Environmental economists have convinced themselves of the benefits of raising gasoline taxes. Politicians seem to be slow to embrace this proposal. Why? New Yorker magazine’s James Surowiecki has a good explanation. The New Yorker has better cartoons and sometimes better analysis than the American Economic Review!
PUMP PRESSURE James Surowiecki on why the gas tax won’t budge.
Issue of 2005-09-26
“Of course, in political terms the gas tax’s virtues—simplicity, transparency, immediacy—are vices. Politicians prefer complex systems that allow them to satisfy particular constituencies, reward supporters, and disguise the true costs of things. And, strangely enough, voters implicitly prefer indirect taxes to direct ones. So it may be that the gas tax will remain one of those economically sensible ideas that are doomed to fail.”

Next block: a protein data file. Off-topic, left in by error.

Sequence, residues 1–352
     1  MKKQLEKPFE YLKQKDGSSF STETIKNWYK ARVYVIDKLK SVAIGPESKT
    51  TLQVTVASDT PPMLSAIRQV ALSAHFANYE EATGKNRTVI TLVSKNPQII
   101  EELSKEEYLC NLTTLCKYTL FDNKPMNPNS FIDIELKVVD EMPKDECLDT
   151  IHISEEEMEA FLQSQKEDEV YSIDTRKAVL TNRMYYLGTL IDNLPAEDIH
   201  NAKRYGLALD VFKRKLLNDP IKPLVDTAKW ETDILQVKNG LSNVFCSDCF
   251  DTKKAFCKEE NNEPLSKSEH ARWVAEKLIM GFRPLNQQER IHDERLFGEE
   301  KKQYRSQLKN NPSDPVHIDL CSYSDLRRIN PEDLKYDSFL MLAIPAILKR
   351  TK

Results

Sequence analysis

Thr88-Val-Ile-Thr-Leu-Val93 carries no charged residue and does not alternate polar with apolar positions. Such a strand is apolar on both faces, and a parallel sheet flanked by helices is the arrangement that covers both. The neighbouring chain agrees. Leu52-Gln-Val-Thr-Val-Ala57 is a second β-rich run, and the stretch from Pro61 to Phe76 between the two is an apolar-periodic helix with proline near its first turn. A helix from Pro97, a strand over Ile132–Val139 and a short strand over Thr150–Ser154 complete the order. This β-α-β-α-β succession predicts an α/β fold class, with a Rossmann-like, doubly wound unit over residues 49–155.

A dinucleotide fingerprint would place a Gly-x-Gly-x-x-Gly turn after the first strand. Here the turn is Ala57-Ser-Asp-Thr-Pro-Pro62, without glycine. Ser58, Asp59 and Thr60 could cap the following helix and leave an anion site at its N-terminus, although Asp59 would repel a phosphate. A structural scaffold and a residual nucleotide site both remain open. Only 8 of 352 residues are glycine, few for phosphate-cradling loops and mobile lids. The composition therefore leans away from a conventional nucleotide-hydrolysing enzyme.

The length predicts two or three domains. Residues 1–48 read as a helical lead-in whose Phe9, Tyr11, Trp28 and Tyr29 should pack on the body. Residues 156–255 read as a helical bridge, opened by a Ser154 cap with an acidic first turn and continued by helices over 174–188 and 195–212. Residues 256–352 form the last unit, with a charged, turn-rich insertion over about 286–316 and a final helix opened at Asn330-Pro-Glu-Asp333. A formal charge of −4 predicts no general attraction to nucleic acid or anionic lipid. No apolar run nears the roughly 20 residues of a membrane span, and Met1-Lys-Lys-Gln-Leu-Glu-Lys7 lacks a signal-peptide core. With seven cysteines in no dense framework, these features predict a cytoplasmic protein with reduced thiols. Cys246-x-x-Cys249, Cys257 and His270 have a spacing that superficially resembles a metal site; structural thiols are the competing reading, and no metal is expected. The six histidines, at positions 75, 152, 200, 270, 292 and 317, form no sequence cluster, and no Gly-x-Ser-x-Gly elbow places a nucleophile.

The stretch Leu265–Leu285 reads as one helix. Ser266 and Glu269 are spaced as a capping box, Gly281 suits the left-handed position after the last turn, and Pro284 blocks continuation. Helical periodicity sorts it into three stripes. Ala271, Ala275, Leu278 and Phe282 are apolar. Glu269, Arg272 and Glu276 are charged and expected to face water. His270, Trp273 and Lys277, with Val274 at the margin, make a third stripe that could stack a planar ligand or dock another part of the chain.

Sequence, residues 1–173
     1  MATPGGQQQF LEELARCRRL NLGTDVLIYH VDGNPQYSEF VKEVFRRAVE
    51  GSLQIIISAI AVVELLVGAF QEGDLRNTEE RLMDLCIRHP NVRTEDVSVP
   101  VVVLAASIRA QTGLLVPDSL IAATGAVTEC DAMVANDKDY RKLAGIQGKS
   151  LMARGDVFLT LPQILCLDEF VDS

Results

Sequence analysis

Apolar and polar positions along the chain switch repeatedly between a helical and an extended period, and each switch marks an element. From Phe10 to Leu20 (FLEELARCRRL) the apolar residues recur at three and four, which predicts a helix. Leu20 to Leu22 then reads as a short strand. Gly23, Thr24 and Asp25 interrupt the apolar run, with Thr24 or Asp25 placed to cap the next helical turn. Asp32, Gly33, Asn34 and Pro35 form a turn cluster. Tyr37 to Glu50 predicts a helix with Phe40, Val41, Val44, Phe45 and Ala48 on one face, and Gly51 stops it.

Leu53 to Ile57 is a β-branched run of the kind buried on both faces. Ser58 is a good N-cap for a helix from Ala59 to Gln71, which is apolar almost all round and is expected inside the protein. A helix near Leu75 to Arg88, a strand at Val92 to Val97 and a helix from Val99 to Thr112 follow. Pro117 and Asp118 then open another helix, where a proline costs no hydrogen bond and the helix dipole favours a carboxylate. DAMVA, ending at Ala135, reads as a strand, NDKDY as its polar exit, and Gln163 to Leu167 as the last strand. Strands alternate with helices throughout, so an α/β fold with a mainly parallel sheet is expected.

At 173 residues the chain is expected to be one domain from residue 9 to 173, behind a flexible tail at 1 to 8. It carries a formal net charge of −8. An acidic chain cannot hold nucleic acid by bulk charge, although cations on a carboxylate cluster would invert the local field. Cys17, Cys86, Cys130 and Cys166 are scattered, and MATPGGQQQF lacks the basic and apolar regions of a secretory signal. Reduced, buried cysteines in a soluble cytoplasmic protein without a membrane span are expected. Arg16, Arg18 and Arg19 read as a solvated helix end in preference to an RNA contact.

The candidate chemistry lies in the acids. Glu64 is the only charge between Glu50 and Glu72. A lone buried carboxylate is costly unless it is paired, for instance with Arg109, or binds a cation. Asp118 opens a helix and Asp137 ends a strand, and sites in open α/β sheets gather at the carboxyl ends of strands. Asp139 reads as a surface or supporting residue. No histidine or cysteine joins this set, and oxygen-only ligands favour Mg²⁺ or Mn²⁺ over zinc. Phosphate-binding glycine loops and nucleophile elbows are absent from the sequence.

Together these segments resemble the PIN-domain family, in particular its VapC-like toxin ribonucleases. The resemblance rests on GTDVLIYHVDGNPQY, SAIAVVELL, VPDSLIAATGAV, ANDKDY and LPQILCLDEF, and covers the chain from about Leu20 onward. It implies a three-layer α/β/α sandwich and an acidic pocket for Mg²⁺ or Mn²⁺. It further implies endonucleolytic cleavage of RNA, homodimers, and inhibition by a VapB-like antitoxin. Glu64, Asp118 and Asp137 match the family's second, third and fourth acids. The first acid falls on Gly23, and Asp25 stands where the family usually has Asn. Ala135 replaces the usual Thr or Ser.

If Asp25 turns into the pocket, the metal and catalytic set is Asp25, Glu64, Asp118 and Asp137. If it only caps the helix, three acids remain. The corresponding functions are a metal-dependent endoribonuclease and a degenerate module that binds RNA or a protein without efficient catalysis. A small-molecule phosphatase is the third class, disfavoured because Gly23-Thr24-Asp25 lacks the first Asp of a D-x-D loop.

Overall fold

This quote highlights a point that pro-economists do not devote enough attention to. When is transparency bad for policy implementation? In the sense that building coalitions to support a particular public policy may be more difficult if people directly see the costs and benefits of the proposal. Another example is social security. This program redistributes money across income groups but people do not know this.